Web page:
A 99-point compass rose with east highlighted to the right

East is one of the four cardinal directions or points of the compass. It is the opposite direction from west and is the direction from which the Sun rises on the Earth.


As in other languages, the word is formed from the fact that east is the direction where the Sun rises: east comes from Middle English est, from Old English ēast, which itself comes from the Proto-Germanic *aus-to- or *austra- "east, toward the sunrise", from Proto-Indo-European *aus- "to shine," or "dawn",[1] cognate with Old High German *ōstar "to the east", Latin aurora 'dawn', and Greek ἠώς ēōs 'dawn, east'.[2] Examples of the same formation in other languages include Latin oriens 'east, sunrise' from orior 'to rise, to originate', Greek ανατολή anatolé 'east' from ἀνατέλλω 'to rise' and Hebrew מִזְרָח mizraḥ 'east' from זָרַח zaraḥ 'to rise, to shine'. Ēostre, a Germanic goddess of dawn, might have been a personification of both dawn and the cardinal points.

East is sometimes abbreviated as E.


By convention, the right-hand side of a map is east. This convention has developed from the use of a compass, which places north at the top. However, on maps of planets such as Venus and Uranus which rotate retrograde, the left hand side is east.[citation needed]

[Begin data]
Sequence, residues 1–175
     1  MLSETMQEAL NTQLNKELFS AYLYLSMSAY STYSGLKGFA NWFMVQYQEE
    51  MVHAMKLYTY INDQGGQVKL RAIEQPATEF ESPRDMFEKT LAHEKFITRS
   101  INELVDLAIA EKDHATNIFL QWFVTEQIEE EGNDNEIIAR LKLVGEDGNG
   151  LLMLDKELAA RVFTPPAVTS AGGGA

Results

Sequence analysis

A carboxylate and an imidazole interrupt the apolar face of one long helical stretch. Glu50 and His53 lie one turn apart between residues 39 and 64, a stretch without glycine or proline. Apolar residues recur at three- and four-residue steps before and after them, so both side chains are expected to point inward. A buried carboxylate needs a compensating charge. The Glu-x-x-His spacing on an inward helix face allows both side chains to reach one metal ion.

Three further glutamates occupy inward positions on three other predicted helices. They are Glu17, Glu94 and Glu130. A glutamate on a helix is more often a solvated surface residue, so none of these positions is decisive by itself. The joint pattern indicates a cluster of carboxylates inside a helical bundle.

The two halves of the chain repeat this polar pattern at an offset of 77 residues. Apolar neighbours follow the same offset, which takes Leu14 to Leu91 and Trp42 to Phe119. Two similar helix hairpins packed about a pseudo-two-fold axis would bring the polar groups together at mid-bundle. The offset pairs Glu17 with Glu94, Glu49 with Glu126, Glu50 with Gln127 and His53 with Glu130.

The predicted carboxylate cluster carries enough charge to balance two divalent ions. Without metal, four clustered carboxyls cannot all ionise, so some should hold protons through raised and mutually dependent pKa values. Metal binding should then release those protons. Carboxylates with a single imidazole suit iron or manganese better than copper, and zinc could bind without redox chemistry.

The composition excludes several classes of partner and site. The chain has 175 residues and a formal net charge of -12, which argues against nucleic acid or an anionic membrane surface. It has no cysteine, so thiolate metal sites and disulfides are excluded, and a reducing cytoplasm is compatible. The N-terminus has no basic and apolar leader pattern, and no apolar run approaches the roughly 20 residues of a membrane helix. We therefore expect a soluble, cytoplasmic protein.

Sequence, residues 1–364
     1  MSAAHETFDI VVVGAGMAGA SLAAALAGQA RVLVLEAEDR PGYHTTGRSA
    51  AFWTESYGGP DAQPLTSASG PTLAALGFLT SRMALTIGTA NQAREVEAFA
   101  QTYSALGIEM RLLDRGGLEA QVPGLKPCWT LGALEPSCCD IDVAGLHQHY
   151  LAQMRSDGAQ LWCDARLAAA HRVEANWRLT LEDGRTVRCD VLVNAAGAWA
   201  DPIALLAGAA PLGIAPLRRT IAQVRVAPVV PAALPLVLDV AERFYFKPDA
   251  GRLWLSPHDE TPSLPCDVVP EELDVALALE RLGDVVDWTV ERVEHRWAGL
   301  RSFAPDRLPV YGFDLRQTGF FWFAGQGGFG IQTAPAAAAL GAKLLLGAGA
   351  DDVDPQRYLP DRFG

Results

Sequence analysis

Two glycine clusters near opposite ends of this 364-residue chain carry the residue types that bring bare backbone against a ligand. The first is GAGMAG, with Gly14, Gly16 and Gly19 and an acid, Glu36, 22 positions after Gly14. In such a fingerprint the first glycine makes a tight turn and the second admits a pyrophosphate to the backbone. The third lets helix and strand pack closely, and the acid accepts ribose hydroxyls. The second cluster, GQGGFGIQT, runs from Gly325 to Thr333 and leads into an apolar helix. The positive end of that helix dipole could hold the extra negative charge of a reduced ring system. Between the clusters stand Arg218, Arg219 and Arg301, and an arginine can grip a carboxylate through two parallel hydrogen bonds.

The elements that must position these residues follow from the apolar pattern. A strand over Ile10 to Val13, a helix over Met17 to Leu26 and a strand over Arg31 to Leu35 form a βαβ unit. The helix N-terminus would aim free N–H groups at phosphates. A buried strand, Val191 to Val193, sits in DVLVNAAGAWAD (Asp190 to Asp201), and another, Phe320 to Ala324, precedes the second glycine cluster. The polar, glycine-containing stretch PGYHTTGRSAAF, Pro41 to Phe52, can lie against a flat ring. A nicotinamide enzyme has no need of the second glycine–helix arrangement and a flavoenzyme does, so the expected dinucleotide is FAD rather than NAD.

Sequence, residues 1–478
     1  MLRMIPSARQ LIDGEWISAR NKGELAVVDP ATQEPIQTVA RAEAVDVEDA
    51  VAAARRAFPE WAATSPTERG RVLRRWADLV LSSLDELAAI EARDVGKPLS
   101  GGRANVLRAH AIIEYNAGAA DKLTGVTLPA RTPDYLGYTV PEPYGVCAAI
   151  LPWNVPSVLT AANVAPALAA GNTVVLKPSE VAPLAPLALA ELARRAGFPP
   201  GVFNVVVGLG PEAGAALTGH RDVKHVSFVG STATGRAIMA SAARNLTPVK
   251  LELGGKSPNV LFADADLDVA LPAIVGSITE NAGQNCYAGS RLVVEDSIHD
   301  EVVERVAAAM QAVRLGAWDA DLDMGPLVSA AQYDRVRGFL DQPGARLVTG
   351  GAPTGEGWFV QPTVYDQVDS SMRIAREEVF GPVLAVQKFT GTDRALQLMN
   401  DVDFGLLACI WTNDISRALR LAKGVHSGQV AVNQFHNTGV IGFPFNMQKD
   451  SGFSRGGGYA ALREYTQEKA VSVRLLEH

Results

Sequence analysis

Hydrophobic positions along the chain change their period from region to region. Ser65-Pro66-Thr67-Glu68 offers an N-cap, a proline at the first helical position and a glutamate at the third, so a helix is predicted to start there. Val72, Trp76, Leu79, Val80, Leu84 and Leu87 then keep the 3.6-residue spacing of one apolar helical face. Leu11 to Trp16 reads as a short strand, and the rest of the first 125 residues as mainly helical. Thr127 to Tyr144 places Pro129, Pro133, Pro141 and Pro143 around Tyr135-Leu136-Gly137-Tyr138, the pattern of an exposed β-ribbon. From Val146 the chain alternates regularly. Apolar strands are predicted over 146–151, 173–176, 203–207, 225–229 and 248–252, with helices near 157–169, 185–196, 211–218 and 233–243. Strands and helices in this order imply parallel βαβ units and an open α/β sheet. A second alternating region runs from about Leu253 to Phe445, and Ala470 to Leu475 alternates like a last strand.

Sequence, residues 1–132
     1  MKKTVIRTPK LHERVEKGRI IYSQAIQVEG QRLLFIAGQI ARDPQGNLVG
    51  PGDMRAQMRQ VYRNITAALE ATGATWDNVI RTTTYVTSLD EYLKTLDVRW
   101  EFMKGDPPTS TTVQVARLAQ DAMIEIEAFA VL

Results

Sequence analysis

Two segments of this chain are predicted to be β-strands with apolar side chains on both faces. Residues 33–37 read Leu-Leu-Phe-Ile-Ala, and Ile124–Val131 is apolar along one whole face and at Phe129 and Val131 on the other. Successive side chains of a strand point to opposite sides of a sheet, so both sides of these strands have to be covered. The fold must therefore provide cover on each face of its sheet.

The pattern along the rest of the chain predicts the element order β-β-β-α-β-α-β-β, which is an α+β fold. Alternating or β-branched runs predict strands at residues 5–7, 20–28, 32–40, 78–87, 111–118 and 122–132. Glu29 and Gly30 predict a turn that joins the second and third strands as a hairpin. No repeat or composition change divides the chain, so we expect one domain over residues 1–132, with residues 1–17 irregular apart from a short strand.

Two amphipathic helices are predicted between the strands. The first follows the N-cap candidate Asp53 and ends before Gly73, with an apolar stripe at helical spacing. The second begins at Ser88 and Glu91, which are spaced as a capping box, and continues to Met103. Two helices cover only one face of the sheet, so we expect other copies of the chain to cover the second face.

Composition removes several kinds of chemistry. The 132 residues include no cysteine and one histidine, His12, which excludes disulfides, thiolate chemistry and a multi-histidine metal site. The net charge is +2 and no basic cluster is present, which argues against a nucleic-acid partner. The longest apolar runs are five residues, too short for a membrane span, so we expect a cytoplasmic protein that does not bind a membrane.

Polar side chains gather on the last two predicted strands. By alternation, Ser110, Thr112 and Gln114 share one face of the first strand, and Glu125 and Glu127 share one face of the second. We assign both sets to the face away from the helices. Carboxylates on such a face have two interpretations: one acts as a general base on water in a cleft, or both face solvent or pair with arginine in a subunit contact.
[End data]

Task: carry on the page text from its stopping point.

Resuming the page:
To go east using a compass for navigation, one sets a bearing or azimuth of 90°.


East is the direction toward which the Earth rotates about its axis, and therefore the general direction from which the Sun appears to rise. The practice of praying towards the East is older than Christianity, but has been adopted by this religion as the Orient was thought of as containing mankind's original home. Hence, Christian churches have been traditionally oriented towards the east.[3][4] After some early exceptions, this tradition of having the altar on the liturgical east has become a part of the church orientation concept liturgical east and west.

The Orient is the East, traditionally comprising anything that belongs to the Eastern world, in relation to Europe. In English, it is largely a metonym for, and referring to the same area as, the continent of Asia, divided into the Far East, Middle East, and Near East. Despite this Eurocentric origin, these regions are still located to the east of the Geographical centre of Earth.

Within an individual city within the Northern Hemisphere, the east end is typically poorer because the prevailing winds blow from the west.[5]

See also


  1. ^ "east". Online Etymology Dictionary. Retrieved 3 December 2013.
  2. ^ "east". Merriam-Webster. Retrieved 3 December 2013.
  3. ^ "Orientation of Churches". Catholic Encyclopedia. Retrieved 3 December 2013.
  4. ^ Peters, Bosco (30 April 2012). "Architectural Design Guidelines 1". Liturgy.co.nz. Retrieved 3 December 2013.
  5. ^ Benedictus, Leo (12 May 2017). "Blowing in the wind: why do so many cities have poor east ends?". The Guardian. Retrieved 2 October 2019.